Intestinal glucose transport in carnivorous and herbivorous marine fishes
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The influx and transepithelial movements of glucose and their effects on the electrophysiology and Na transport in upper and lower intestines of the herbivorous surgeonfish, Acanthurus mata , and carnivorous eel, Gymnothorax undulatus , were measured. The K t G and J max G of glucose influx into the tissues were higher in the surgeonfish upper intestine than in the surgeonfish lower intestine or in both segments of the eel intestine. A prominent diffusion-like transport component was also measured in all four segments during influx experiments. Net transepithelial glucose fluxes (0.05 mM) were greater in eel intestine than in those of the surgeonfish largely due to an apparent lower apical membrane permeability of the former coincident with reduced backflux of glucose from epithelium to lumen. All four stripped intestinal segments exhibited non-significant (from zero; P >0.05) or small, serosa-negative transepithelial potential differences (-0.1 to -2.2 mV), and low transepithelial resistances (40–88 O cm -2 ). Each tissue displayed significant ( P P >0.05) change the transepithelial resistance, but did induce a significant ( P J net Na with added luminal glucose, these increased net cation fluxes were not quite significant ( P >0.05). It is concluded that coupled Na-glucose transport occurs in these tissues, but that metabolic enhancement of unrelated current-generating mechanisms also takes place and may modify depolarizing effects of organic solute transfer.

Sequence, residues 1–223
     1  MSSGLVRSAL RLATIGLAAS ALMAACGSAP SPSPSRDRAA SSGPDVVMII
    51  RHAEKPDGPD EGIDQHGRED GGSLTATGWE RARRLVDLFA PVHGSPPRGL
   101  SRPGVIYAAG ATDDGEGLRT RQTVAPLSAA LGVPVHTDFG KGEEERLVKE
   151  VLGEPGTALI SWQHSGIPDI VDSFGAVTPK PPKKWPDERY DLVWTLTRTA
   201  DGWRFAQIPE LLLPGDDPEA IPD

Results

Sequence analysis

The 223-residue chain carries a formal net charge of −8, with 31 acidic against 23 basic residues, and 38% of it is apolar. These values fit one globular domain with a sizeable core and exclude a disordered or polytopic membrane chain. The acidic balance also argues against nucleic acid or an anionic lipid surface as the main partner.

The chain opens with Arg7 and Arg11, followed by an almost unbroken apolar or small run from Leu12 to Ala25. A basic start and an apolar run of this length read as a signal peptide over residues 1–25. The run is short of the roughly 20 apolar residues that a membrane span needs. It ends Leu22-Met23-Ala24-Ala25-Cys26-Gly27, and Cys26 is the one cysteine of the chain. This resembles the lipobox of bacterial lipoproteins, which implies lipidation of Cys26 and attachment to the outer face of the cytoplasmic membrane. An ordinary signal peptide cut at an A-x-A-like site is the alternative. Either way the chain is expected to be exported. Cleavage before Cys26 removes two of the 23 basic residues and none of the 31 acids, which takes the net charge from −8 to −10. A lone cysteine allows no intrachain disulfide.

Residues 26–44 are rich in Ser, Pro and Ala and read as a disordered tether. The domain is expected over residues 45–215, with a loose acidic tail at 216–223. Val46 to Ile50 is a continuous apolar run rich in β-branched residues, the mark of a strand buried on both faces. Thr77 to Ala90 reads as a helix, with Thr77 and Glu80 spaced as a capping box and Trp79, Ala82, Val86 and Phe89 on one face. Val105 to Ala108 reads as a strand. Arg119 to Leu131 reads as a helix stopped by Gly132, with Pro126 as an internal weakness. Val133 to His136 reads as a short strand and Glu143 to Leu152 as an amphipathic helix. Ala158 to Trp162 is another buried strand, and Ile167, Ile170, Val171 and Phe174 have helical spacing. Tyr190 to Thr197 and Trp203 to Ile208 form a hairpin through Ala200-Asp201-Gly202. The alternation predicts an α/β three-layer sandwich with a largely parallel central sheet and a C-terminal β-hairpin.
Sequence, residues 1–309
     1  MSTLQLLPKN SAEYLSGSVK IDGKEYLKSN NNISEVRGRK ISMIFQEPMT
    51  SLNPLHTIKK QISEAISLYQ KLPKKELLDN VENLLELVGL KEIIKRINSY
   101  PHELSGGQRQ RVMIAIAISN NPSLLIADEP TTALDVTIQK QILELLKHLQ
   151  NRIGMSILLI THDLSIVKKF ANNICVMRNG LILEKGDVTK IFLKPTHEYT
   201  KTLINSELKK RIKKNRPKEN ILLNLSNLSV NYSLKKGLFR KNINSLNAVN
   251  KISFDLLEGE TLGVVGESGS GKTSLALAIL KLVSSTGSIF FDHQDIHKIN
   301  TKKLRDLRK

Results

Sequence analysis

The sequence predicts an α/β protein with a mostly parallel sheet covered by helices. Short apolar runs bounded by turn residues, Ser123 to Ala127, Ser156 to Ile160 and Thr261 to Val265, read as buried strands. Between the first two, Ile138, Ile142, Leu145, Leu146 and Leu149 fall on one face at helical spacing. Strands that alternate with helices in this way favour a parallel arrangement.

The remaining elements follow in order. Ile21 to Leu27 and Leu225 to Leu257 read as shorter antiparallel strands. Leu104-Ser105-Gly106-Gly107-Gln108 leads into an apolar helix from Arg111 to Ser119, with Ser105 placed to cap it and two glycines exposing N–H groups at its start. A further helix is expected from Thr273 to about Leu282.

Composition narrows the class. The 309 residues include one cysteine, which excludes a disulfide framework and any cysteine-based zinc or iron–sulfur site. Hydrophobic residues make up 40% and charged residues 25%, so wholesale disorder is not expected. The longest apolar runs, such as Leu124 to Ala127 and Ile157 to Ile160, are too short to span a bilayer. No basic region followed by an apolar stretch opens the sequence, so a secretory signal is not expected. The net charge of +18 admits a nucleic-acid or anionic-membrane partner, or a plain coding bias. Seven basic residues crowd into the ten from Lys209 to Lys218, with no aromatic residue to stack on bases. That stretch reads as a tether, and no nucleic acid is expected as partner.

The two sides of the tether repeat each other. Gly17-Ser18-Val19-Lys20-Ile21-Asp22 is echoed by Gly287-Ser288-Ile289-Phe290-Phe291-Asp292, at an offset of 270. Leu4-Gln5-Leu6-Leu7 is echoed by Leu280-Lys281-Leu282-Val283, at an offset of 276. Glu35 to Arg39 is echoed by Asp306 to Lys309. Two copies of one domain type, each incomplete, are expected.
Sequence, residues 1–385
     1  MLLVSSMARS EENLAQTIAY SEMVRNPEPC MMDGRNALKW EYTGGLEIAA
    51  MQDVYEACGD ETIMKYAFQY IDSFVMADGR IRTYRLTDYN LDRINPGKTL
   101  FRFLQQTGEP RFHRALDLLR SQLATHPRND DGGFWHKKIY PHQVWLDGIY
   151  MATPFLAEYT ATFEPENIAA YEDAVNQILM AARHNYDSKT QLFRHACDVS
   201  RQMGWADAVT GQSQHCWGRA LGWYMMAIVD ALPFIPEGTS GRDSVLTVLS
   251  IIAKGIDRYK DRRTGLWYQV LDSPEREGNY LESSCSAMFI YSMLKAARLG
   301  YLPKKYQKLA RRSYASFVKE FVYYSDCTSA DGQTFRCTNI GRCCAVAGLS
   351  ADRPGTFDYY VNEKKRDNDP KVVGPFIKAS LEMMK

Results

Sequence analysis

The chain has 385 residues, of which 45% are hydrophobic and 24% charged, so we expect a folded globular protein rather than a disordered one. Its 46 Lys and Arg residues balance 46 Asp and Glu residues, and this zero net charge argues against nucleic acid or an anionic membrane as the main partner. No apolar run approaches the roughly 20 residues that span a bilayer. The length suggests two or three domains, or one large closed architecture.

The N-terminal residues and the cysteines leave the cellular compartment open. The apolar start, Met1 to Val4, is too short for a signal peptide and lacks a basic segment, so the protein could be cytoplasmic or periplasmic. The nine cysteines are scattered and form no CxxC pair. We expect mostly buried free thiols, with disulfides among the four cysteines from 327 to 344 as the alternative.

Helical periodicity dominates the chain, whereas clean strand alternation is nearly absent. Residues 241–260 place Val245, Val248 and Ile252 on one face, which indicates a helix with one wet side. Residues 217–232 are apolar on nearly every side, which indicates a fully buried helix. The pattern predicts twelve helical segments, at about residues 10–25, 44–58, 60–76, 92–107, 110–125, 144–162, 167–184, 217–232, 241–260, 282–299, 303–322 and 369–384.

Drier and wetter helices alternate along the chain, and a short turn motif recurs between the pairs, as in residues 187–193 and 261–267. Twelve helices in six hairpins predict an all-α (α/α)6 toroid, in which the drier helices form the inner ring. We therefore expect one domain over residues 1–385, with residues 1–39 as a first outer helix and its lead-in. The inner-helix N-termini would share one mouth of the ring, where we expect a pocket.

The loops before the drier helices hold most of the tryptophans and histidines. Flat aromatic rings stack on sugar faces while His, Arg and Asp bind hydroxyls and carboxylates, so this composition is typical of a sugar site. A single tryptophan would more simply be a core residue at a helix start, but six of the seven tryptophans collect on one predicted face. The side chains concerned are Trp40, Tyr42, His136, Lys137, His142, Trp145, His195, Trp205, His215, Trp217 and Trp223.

CitationFerraris, R. P., & Ahearn, G. A. (1983). Intestinal glucose transport in carnivorous and herbivorous marine fishes.
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ArticleRP Ferraris & GA Ahearn -
Comparative Biochemistry and Physiology - Part A: Physiology, 1984 - Elsevier1. Morphological properties of fish intestines vary with diet. Carnivores have short guts with highly elaborate mucosal folding in the upper intestines; herbivores have long guts which appear structurally uniform from stomach to rectum. 2. Brush border membranes of many fish intestines display at least two transport processes for each organic solute, one an Na+-dependent, saturable carrier mechanism, and the other a non-saturable influx pathway which may be simple diffusion. 3. Intestinal epithelial cells from freshwater fish can accumulate nutrients to concentrations in excess of those in the gut lumen; those of marine fish can not. 4. Net transepithelial nutrient transport in upper intestine is greater in freshwater fish than in marine forms as a result of considerable solute backflux from epithelium to lumen in the latter. 5. In many fish the lower intestine displays a significant net transmural flux of nutrients that may contribute to total organic solute absorption. 6. Intestines of freshwater fish have a serosa positive (relative to mucosa) electrical potential difference; marine fish display a negative serosa. 7. Addition of organic solutes to intestines of freshwater fish hyperpolarizes the electrically positive serosa; in marine forms a depolarization of the serosa negative potential occurs. In both cases this appears due to increased net transmural sodium transport coupled to net nutrient flow.